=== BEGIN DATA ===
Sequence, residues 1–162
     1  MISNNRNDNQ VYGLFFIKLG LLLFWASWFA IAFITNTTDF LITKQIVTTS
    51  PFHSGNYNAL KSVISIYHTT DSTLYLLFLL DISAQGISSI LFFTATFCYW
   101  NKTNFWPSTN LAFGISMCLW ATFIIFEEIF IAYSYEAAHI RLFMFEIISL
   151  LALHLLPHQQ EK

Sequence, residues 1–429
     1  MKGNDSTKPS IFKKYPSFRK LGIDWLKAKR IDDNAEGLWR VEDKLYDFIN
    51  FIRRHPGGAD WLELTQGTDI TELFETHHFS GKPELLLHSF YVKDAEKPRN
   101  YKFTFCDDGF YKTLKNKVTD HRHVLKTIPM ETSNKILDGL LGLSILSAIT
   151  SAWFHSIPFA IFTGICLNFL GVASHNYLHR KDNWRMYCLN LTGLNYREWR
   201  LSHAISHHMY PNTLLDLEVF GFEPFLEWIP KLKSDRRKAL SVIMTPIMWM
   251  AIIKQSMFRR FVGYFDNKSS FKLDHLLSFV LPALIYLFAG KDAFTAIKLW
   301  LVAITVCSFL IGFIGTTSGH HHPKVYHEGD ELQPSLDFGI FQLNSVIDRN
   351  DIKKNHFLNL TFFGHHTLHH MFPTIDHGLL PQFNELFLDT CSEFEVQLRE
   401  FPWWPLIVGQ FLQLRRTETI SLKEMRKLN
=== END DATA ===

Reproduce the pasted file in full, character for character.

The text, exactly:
Sequence, residues 1–162
     1  MISNNRNDNQ VYGLFFIKLG LLLFWASWFA IAFITNTTDF LITKQIVTTS
    51  PFHSGNYNAL KSVISIYHTT DSTLYLLFLL DISAQGISSI LFFTATFCYW
   101  NKTNFWPSTN LAFGISMCLW ATFIIFEEIF IAYSYEAAHI RLFMFEIISL
   151  LALHLLPHQQ EK

Sequence, residues 1–429
     1  MKGNDSTKPS IFKKYPSFRK LGIDWLKAKR IDDNAEGLWR VEDKLYDFIN
    51  FIRRHPGGAD WLELTQGTDI TELFETHHFS GKPELLLHSF YVKDAEKPRN
   101  YKFTFCDDGF YKTLKNKVTD HRHVLKTIPM ETSNKILDGL LGLSILSAIT
   151  SAWFHSIPFA IFTGICLNFL GVASHNYLHR KDNWRMYCLN LTGLNYREWR
   201  LSHAISHHMY PNTLLDLEVF GFEPFLEWIP KLKSDRRKAL SVIMTPIMWM
   251  AIIKQSMFRR FVGYFDNKSS FKLDHLLSFV LPALIYLFAG KDAFTAIKLW
   301  LVAITVCSFL IGFIGTTSGH HHPKVYHEGD ELQPSLDFGI FQLNSVIDRN
   351  DIKKNHFLNL TFFGHHTLHH MFPTIDHGLL PQFNELFLDT CSEFEVQLRE
   401  FPWWPLIVGQ FLQLRRTETI SLKEMRKLN